For LGBTQ people and their supporters, Pride events are an opportunity to honor the past, protest injustice, and celebrate a diverse and vibrant community. The high point of Pride, the Pride Parade, is spectacular and colorful. But there is a whole lot more to Pride than rainbow flags and amazing outfits. How did Pride come to be? And what does Pride mean to the people who celebrate it?
"[Pride] does well to address the obstacles that the community has faced and puts names and faces to those who are the agents of change."
"A fantastic achievement, a book that gives serious attention to often ignored groups within LGBT history...Stevenson’s account of the history of Pride is peppered with historical photos and documents, personal stories...and highlights of the growing Pride movements around the globe, many of which all too often become background noise on global news stations...What makes this book suitable and relevant to young readers is the emphasis that Stevenson places on youth involvement in contemporary and historical celebrations and activism. A number of the personal accounts and quotes throughout the book are also from young people. This is an incredibly detailed account, considering the short page count, and Pride should be shelved in school libraries and classrooms alike...Highly Recommended."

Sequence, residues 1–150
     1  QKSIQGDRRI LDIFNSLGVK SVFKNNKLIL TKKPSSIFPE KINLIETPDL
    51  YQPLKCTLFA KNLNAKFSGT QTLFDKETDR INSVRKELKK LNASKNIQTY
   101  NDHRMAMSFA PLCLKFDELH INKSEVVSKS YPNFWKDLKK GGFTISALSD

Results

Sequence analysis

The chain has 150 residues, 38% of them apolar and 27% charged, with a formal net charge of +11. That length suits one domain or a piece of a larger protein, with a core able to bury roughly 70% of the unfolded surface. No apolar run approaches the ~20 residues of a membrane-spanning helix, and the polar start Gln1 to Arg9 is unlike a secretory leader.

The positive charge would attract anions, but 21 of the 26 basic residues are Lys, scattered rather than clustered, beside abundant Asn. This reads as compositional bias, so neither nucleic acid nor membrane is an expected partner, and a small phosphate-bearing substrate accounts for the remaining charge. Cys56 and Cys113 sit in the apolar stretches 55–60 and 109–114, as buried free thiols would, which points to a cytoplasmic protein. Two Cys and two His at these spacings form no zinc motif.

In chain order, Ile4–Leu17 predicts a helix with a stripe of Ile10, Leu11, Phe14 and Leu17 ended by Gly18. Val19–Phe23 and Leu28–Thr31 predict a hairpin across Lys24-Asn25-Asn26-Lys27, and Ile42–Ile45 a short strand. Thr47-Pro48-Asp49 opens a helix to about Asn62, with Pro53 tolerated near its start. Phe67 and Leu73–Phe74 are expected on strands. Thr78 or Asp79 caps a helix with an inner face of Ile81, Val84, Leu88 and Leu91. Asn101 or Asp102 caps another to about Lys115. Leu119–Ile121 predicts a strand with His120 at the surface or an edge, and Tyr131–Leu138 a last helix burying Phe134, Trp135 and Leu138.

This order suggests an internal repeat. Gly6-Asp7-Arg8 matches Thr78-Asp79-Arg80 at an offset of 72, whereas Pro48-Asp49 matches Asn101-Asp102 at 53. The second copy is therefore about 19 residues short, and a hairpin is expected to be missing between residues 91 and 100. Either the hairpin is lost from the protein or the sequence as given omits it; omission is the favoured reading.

"Informative...Positively festive in its attitudes and outlook, this book more than lives up to the word celebrating in its subtitle."
"LGBTQ culture and rights are covered through the prism of Pride in this timely work...Using Pride as a way to talk about LGBTQ gives the information a new slant...The appropriately rainbow-themed design features plentiful photographs, both black-and-white and color, in a lively design...This attractive work will be welcomed by readers searching for guidance and hope."
“Upbeat and matter-of-fact...I can see this book nestled between Canada Day and Thanksgiving in the celebrations section of the library, filling a gap...Solid non-fiction...As useful and appealing as this book will be to a general audience, there will be another group of readers seeking it out with more focus. Not every kid, even in this country, lives in a joyous climate of acceptance, and books are often a place where they find information and community. Much of this is provided in the form of individual vignettes. These stories, sad and happy, are where vulnerable preteen kids may see themselves."